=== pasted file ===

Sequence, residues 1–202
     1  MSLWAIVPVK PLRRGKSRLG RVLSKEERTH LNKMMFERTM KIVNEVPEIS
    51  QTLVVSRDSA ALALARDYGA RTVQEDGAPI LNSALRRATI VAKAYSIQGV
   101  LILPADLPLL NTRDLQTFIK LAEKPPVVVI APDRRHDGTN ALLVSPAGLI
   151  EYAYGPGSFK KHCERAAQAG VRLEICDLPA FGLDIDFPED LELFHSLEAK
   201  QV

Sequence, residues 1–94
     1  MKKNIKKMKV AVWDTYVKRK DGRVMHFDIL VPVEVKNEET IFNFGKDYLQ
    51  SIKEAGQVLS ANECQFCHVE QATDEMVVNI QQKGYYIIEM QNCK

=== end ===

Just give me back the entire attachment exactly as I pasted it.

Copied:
Sequence, residues 1–202
     1  MSLWAIVPVK PLRRGKSRLG RVLSKEERTH LNKMMFERTM KIVNEVPEIS
    51  QTLVVSRDSA ALALARDYGA RTVQEDGAPI LNSALRRATI VAKAYSIQGV
   101  LILPADLPLL NTRDLQTFIK LAEKPPVVVI APDRRHDGTN ALLVSPAGLI
   151  EYAYGPGSFK KHCERAAQAG VRLEICDLPA FGLDIDFPED LELFHSLEAK
   201  QV

Sequence, residues 1–94
     1  MKKNIKKMKV AVWDTYVKRK DGRVMHFDIL VPVEVKNEET IFNFGKDYLQ
    51  SIKEAGQVLS ANECQFCHVE QATDEMVVNI QQKGYYIIEM QNCK